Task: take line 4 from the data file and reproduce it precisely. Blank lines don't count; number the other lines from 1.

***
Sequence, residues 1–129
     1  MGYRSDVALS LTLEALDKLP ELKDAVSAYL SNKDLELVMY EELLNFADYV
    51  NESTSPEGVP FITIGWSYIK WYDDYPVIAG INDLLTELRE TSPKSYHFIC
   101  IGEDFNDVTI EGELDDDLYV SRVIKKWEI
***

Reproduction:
   101  IGEDFNDVTI EGELDDDLYV SRVIKKWEI